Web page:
“In my first couple of weeks, I have already undertaken great crested newt Habitat Suitability Index assessments of all the ponds for one project and was even given the responsibility of teaching another new colleague the process,” comments Shona. “I have also seen a barn owl pellet, performed a reptile check, where we saw a few common lizards, and performed my first great crested newt survey. The late night was worth it, as we got to see several smooth newts and a population of over 40 great crested newts in a school’s pond!”
The small pond where the ecology team saw more than 40 great crested newts
“I have just returned from a three-day jaunt to Pembrokeshire, where I performed my first bat activity surveys alongside RSK consultant ecologist Nick Mason,” continues Shona. “During the first dusk survey at Milford Haven, we saw some common pipistrelles, so I wanted to detect a different species during the second survey. Lo and behold, we detected soprano pipistrelles in Pembroke Docks. Unfortunately, the next morning, during my first dawn survey, we didn’t detect any bats and had to deal with the fact that, although we were about at four in the morning, the bats weren’t!”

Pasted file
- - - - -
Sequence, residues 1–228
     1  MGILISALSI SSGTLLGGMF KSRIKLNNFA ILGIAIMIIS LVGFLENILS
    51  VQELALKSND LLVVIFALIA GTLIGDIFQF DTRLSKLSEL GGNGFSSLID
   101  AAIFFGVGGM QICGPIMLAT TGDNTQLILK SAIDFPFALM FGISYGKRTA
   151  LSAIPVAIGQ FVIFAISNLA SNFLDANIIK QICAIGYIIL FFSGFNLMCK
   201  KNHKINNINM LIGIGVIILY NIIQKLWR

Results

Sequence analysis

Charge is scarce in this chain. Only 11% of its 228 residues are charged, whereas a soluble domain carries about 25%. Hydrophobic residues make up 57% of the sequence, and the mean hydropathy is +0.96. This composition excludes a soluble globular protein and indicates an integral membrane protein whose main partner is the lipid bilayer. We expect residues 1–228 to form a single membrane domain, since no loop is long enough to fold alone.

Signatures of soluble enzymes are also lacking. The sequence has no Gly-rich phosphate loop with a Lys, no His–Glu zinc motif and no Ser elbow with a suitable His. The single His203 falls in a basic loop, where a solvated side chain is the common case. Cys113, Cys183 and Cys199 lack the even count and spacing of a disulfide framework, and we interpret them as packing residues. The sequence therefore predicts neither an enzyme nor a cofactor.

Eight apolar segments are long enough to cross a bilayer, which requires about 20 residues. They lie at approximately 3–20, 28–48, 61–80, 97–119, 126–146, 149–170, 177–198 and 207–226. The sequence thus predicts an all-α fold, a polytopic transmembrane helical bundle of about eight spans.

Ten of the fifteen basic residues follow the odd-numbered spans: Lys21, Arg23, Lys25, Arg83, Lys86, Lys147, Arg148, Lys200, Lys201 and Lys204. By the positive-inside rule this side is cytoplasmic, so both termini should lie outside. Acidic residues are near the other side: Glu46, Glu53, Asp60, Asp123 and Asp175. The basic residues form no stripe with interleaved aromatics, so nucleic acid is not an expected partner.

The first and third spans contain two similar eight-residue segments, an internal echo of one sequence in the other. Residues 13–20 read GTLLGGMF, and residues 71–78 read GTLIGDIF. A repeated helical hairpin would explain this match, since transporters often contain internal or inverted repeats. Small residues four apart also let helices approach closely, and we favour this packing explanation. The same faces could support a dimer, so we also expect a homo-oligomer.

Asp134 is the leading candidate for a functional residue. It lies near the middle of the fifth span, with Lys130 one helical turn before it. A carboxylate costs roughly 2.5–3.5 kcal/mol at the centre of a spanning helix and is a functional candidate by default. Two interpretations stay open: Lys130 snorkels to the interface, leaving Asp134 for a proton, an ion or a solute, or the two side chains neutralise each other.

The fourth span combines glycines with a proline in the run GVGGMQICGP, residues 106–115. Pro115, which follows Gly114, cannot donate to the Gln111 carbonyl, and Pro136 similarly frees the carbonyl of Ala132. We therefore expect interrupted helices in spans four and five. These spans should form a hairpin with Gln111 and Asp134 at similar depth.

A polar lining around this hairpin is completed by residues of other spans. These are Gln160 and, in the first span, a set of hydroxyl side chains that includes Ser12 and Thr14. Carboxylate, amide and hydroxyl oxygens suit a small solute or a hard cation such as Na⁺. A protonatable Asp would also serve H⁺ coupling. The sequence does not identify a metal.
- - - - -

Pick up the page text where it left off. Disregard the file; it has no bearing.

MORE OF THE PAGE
“I can’t believe how busy I have been since I started at RSK and I am thoroughly looking forward to seeing what other experiences will come my way. Perhaps electrofishing with the aquatic ecology team?
“Everyone has been so welcoming and keen to share their knowledge and help me to get loads of brilliant experience,” concludes Shona. “I was already out laying reptile felts on my second day, but I wouldn’t have it any other way!”
If you are interested in joining RSK, please visit our website careers section for current job openings.